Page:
Twice-daily game drives in open 4×4 vehicles within the private reserves give you the highest probability of seeing animals. With experienced guides who can drive off-road (unlike in public areas of the Kruger), you’ll tick off Big Five sightings in no time. Some lodges also offer night drives.
Practical Information for Klaserie
The Klaserie Private Nature Reserve is roughly a six-hour drive east of Johannesburg. Daily international and domestic flights call in at OR Tambo International Airport, where you can catch a connecting flight to a local airport near Kruger. The closest local airport is in Hoedspruit; from there, it’s a 45-minute transfer to the reserve.
You don’t need special safari clothes, but neutral colors like beige, brown, green, and khaki are recommended. It makes it harder for animals to spot you and be scared off, and brighter colors attract insects.
Prepare for scorching days and bring a hat, sunglasses, and sunscreen. Depending on the season, nights and early mornings can be freezing, so pack some warm clothing too.
Ask a medical practitioner about malaria medication before you leave, as this part of South Africa carries a risk. A course of prophylaxis is recommended.
The Kruger National Park is world-renowned for its spectacular wildlife. It’s the largest nature reserve in South Africa and, indeed, one of the largest on the continent.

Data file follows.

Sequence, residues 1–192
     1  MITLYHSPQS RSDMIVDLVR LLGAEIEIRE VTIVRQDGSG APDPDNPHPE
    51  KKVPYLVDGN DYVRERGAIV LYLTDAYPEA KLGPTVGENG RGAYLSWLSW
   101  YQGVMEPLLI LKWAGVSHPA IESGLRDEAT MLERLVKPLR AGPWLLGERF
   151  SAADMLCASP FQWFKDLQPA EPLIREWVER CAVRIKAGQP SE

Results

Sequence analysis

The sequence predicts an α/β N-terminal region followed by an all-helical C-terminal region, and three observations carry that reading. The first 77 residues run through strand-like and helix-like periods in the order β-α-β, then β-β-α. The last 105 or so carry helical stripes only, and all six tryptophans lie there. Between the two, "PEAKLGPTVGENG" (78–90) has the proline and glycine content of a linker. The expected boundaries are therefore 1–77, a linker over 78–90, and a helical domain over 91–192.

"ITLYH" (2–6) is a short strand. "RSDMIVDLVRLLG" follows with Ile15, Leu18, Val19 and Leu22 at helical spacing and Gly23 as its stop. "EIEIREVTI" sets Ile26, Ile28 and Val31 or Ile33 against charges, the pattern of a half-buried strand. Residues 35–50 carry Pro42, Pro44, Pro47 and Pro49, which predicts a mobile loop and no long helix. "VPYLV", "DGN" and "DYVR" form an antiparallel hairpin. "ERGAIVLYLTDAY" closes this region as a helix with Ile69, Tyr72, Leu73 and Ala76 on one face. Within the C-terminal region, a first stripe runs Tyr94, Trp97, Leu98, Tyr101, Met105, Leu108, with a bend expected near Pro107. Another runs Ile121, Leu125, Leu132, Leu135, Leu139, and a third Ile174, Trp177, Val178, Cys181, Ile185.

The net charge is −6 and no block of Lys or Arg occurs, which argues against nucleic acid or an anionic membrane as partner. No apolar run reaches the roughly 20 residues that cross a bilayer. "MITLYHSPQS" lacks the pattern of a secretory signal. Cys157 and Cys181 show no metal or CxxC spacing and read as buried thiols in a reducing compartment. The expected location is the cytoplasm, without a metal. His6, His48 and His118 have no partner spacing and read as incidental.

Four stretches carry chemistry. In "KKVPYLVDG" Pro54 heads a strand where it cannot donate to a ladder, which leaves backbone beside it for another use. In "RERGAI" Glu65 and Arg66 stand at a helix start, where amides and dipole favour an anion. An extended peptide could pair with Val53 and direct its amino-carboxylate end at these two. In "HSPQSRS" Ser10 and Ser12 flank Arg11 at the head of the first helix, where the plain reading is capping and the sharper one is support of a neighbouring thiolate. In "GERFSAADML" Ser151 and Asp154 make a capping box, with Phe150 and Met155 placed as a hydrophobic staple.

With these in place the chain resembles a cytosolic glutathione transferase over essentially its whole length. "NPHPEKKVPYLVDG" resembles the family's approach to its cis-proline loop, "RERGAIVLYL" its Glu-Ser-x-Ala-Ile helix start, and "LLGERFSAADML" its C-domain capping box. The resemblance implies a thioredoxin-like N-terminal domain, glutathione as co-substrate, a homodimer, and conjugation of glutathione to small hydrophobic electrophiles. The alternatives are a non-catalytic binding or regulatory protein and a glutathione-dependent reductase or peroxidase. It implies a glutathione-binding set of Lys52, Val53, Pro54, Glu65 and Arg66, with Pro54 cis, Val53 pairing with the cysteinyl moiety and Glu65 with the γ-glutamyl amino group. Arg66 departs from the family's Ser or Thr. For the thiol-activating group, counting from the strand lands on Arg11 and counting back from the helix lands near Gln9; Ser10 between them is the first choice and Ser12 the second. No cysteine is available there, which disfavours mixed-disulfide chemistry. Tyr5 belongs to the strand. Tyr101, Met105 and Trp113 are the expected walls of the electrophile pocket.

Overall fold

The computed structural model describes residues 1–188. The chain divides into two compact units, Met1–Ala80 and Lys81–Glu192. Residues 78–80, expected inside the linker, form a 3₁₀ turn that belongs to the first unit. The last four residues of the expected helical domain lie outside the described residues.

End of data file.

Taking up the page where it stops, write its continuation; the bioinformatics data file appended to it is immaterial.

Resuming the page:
At 360km (224mi) long and 65km (40mi) wide, the surface area surpasses that of the nearby country of Swaziland! Despite its size, the density of wild animals found here is one of the highest on the planet, making for superb viewing opportunities no matter where you are in the park.
The southern and central regions of the Kruger are most frequented by visitors, and for a good reason: the game viewing is most reliable on a safari here. It’s your best bet for lion and leopard sightings, especially common along the Sabie River between Lower Sabie and Skukuza.
In central Kruger, the open grasslands are stocked with plenty of elephants, while grass-feeders like wildebeest and buffalo attract predators like lions, cheetahs, and leopards.
Finally, in the far north, your reward is not only solitude from the crowds of the south but also an area of outstanding natural beauty as the landscape transforms from subtropical to tropical.
Large concentrations of baobab trees are particularly beautiful. Unfortunately, big game sightings are less frequent in this part of the Kruger, although birding safaris, especially in the summertime, are pretty spectacular.